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Mobile agency and relational webs in women’s narratives of international studyInternationalisation and forced migration are rarely thought about as related phenomena in higher education (HE) literature. Internationalisation is associated with movement, choice and brand recognition, and used in international rankings methodologies as a proxy for quality. Forced migration is associated with movement, but also with lack of choice, containment, or ‘stuckness’. Some scholars have called for a rethinking of ‘the international’ through attention to students as mobile agents, and international study situated within broader mobile lives. Our study responded to these calls through exploring the educational biographies of 37 international and refugee-background women students based in two universities: 21 in New Zealand, and 16 in Bangladesh. Ten of the women were from refugee or refugee-like backgrounds, while the remainder, were international students. The women’s accounts revealed the complex ways in which circumstances shaped their educational journeys similarly and differently. One woman represented mobility in relation to autonomy and choice; but most emphasised relational webs as shaping their access to and experiences of international study, and post-study aspirations. In this paper, we draw on selected narratives to illustrate the range of ways in which family and/or community members appeared in women’s accounts of their education journeys: as a source of (1) sustenance and support; (2) inspiration and motivation; and (3) obligation, and sometimes, regulation. We conclude by suggesting that attention to the affective and embodied entanglements that shape students’ international study journeys might inform new ways of thinking about both ‘the international’ and higher education more broadly.
Narratives Of Navigation: Refugee-Background Women’s Higher Education Journeys In Bangladesh And New ZealandNavigating higher education (HE) is a complex exercise for many students, including those from refugee backgrounds. Internationally, only a very small percentage of refugee-background students access HE. In a 2018 study, we explored 37 women students’ narrative accounts of international study in Bangladesh and New Zealand. Our participants included 10 women from refugee backgrounds. Theoretically, our research was a response to calls from critical scholars to consider the different circumstances that shape students’ international study, and the ethical and pedagogical implications of these for ‘host’ institutions. In this article, we explore the refugee-background women’s accounts of accessing, navigating, and thinking beyond HE, and their thoughts on factors that support refugee-background students’ success in HE. We argue for the need to: reject ‘grand narratives’ in relation to refugee-background students; acknowledge students’ ‘necessary skillfulness’ while supporting their capacity to navigate HE; and recognise refugee-background students’ commitments and influence beyond HE institutions.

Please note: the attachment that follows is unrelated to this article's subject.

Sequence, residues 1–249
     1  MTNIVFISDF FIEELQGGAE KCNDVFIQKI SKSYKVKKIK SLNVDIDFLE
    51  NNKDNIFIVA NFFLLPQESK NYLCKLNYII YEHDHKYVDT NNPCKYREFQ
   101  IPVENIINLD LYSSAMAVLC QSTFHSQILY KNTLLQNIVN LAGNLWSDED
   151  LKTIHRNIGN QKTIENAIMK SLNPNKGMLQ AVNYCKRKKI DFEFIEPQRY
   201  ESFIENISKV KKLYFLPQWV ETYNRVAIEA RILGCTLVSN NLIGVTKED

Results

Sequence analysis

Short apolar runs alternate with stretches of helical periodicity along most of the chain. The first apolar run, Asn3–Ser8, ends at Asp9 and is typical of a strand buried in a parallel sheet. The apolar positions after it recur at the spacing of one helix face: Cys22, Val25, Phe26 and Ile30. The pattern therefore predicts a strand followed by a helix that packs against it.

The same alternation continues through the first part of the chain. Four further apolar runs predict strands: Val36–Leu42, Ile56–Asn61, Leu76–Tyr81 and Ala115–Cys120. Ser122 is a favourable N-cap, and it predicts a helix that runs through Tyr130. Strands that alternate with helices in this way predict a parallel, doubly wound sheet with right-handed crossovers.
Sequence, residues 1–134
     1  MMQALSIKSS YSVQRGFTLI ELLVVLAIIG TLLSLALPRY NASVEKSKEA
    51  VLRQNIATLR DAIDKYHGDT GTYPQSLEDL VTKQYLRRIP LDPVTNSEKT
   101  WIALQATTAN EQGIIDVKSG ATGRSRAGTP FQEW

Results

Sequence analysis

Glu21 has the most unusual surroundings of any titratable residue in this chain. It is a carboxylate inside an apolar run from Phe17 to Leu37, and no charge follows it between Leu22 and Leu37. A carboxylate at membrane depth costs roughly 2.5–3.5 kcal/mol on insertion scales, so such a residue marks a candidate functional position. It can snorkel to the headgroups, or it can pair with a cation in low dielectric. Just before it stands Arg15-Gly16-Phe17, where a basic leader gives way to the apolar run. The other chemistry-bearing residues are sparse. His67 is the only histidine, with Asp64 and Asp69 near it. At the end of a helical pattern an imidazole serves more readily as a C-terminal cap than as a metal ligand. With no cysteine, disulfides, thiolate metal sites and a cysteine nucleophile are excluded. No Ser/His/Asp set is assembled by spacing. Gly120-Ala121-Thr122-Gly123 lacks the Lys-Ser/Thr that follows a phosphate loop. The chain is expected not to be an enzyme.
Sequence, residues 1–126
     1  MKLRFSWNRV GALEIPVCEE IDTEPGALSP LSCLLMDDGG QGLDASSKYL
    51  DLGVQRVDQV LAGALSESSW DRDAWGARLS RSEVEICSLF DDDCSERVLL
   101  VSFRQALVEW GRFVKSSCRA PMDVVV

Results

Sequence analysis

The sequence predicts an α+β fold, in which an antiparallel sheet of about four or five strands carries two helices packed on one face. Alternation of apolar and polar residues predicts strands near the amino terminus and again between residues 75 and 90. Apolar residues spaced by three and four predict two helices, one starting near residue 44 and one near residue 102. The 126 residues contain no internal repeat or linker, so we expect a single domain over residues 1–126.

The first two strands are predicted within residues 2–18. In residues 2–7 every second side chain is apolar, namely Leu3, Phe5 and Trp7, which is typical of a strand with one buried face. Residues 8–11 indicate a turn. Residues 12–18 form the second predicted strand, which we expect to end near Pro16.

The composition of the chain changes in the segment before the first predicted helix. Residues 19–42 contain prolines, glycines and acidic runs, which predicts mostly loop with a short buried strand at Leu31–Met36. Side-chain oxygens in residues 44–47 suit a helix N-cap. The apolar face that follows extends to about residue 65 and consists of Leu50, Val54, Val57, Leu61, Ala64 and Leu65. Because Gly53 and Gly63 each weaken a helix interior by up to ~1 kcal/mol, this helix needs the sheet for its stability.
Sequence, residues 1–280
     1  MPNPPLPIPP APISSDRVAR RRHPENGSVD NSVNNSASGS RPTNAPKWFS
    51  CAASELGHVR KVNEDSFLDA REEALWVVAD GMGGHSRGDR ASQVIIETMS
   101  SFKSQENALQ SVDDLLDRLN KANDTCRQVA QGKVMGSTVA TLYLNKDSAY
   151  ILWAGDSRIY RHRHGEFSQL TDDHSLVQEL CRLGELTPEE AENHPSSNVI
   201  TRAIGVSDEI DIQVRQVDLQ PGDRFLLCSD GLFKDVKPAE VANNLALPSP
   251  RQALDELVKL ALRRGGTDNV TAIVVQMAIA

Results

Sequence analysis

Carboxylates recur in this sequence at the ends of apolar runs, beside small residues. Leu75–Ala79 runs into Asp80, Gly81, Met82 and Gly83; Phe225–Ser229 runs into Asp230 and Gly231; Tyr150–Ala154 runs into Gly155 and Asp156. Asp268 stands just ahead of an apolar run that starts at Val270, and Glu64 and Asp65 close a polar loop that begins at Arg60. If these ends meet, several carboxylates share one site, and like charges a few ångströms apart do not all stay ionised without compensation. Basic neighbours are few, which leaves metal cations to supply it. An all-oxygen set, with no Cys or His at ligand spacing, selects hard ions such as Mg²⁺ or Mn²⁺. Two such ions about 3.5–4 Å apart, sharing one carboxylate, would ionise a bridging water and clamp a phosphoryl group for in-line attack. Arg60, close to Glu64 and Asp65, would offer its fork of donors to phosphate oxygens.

Potentials of tourism products and services in BangladeshExploring the potential for tourism development in Bangladesh, an emerging economy has important implications. It is important to have a clear and detailed knowledge of the tourism offerings in the country. However, there is a lack of available literature that analyses the potentials of tourism in Bangladesh. Thus, the aim of this research is to outline the tourism potentials of Bangladesh through the understanding of its tourism resources. This research is based on reviewing the available literature and online resources. Findings show that the potentials of tourism product and service offers in Bangladesh is subject to identification and priority analysis. An effective policy planning and implementation framework becomes relevant in this regard. This research reflects that the potentials of tourism development in Bangladesh can be capitalised with support of an effective set of policy implementation. The potentials of tourism products and services availability and supplies mostly rely on many different factors. Bangladesh as a tourist destination is required to redefine its products and services when the country will experience a sharp growth of domestic tourists mostly benefitting from the disposable income and the availability of leisure time.